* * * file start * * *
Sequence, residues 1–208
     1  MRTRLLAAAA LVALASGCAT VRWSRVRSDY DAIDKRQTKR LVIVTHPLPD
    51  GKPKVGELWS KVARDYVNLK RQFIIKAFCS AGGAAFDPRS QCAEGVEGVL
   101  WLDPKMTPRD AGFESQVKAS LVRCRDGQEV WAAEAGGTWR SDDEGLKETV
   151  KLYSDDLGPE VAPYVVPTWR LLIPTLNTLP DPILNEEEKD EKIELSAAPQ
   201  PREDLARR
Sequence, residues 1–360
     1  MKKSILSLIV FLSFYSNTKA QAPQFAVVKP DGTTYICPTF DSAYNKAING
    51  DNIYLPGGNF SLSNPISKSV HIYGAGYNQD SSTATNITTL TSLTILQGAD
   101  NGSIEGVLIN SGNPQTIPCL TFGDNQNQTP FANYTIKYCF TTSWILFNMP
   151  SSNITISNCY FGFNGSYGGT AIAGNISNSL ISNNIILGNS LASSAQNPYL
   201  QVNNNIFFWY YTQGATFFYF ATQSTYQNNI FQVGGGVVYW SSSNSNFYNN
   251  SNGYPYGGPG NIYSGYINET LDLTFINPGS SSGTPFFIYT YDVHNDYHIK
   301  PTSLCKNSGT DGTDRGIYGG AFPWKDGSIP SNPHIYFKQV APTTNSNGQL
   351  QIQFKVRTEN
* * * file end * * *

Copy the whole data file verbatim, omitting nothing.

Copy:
Sequence, residues 1–208
     1  MRTRLLAAAA LVALASGCAT VRWSRVRSDY DAIDKRQTKR LVIVTHPLPD
    51  GKPKVGELWS KVARDYVNLK RQFIIKAFCS AGGAAFDPRS QCAEGVEGVL
   101  WLDPKMTPRD AGFESQVKAS LVRCRDGQEV WAAEAGGTWR SDDEGLKETV
   151  KLYSDDLGPE VAPYVVPTWR LLIPTLNTLP DPILNEEEKD EKIELSAAPQ
   201  PREDLARR
Sequence, residues 1–360
     1  MKKSILSLIV FLSFYSNTKA QAPQFAVVKP DGTTYICPTF DSAYNKAING
    51  DNIYLPGGNF SLSNPISKSV HIYGAGYNQD SSTATNITTL TSLTILQGAD
   101  NGSIEGVLIN SGNPQTIPCL TFGDNQNQTP FANYTIKYCF TTSWILFNMP
   151  SSNITISNCY FGFNGSYGGT AIAGNISNSL ISNNIILGNS LASSAQNPYL
   201  QVNNNIFFWY YTQGATFFYF ATQSTYQNNI FQVGGGVVYW SSSNSNFYNN
   251  SNGYPYGGPG NIYSGYINET LDLTFINPGS SSGTPFFIYT YDVHNDYHIK
   301  PTSLCKNSGT DGTDRGIYGG AFPWKDGSIP SNPHIYFKQV APTTNSNGQL
   351  QIQFKVRTEN